Internet voting is a new and exciting frontier for democracy. Some promise that Internet voting will change the way that our democracy functions. This may be true; however, a truly binding general election has yet to be executed over the Internet and the standards established by the FEC will be the cornerstone for the future of Internet voting. In order to capture the potential that this new technology offers, it must be implemented correctly and upon a well-conceived framework of standards and procedures. At the same time, the FEC must seek the advice of industry leaders as well as social activists in order to avoid the many obstacles that will undoubtedly arise.

Reform America, Inc. calls on Universities and colleges, corporations, political parties, and other entities to experiment with Internet voting for student government elections, board elections, etc. In the course of this experimentation, it is imperative that the highest standards of electoral accountability be upheld and the basic tenets of democracy be preserved. RAI calls for this noble experimentation in the future of our democracy to include the use of alternative voting systems, such as the Instant Runoff Vote (IRV) and Single Transferable Vote (STV), and to be free from restriction for those individuals and political parties that wish to compete in the electoral process. RAI is a partner in these efforts.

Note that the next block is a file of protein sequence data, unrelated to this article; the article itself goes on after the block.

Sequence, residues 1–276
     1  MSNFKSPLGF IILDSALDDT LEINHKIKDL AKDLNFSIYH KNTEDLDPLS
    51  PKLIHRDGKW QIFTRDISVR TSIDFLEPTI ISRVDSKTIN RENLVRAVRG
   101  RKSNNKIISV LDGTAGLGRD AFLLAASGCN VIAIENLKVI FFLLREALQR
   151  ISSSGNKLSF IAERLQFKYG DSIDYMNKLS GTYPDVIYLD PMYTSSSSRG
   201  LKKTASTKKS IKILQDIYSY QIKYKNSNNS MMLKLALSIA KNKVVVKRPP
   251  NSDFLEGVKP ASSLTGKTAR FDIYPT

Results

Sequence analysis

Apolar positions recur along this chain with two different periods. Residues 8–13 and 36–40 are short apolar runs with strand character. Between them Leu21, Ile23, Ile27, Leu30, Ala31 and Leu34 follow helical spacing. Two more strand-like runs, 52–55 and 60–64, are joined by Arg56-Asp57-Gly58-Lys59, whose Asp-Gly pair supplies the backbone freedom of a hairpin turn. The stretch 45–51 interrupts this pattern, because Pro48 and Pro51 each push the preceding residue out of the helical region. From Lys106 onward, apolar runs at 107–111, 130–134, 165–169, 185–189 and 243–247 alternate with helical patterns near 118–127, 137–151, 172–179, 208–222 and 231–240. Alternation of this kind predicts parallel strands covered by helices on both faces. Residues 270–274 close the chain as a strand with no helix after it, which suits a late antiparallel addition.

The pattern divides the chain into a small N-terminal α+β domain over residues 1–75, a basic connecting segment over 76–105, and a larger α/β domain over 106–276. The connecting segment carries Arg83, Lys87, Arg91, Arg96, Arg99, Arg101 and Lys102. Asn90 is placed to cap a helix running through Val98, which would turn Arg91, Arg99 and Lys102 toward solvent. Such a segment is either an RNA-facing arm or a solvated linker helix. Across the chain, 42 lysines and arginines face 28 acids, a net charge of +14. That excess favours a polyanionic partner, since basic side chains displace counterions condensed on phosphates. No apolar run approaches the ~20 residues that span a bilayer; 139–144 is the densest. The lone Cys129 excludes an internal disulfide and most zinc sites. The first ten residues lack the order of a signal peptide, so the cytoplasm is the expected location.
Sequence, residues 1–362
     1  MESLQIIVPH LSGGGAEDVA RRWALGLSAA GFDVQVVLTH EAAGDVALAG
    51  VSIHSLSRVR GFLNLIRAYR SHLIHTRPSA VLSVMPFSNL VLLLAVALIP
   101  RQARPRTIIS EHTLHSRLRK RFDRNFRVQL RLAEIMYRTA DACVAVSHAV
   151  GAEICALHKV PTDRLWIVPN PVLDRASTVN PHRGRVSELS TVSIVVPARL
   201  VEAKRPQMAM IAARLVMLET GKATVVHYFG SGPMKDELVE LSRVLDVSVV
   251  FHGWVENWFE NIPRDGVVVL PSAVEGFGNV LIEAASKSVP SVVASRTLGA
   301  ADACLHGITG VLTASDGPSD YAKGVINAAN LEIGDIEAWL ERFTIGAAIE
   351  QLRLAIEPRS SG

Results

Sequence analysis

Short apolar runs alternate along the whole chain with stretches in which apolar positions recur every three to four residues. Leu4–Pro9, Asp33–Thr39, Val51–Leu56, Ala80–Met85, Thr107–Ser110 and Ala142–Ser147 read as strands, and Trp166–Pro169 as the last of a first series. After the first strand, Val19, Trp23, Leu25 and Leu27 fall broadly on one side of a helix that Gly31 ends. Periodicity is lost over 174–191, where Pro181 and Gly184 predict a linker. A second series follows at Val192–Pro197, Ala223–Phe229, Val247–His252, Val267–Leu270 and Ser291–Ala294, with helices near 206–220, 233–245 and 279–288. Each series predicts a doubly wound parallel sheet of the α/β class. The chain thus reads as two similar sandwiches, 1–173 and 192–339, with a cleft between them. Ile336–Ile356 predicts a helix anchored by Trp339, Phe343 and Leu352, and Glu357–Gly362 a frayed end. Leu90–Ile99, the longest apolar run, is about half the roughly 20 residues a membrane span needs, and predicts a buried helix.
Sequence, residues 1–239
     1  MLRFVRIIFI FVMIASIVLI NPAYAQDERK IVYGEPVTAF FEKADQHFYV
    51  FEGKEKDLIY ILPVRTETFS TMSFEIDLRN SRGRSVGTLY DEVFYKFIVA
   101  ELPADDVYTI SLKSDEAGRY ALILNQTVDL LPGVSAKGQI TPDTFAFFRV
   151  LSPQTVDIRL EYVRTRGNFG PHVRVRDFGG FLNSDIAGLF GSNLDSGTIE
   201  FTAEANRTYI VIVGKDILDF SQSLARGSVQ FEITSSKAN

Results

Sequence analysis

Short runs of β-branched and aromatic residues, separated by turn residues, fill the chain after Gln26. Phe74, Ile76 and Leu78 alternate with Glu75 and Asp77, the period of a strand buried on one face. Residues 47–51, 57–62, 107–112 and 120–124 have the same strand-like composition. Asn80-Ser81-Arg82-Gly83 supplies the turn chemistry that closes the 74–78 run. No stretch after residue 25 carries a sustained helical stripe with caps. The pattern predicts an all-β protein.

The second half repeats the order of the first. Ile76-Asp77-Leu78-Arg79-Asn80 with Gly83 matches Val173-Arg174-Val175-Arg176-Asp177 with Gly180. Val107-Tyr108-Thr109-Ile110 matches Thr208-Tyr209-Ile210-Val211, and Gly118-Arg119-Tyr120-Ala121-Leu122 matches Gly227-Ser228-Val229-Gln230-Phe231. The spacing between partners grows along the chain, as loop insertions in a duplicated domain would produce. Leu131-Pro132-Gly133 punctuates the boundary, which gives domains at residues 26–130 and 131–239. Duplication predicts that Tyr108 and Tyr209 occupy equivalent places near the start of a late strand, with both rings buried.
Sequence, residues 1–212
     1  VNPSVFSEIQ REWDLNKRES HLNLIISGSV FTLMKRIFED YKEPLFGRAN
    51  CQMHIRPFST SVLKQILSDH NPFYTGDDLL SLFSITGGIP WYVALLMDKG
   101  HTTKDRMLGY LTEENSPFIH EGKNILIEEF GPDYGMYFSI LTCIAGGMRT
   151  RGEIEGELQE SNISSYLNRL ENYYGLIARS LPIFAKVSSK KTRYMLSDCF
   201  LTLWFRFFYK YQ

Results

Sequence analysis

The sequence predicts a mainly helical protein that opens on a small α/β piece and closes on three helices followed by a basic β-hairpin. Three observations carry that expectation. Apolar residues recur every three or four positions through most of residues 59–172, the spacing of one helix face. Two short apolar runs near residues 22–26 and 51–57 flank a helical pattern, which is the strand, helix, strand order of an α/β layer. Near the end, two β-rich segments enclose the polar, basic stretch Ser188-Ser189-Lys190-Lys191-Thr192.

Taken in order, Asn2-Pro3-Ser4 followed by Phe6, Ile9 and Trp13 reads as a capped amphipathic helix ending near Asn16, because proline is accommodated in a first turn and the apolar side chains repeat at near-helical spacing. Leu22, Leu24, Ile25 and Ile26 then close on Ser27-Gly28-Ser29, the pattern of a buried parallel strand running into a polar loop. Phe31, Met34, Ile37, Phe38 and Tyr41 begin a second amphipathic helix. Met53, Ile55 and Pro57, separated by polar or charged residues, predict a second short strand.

Reform America, Inc.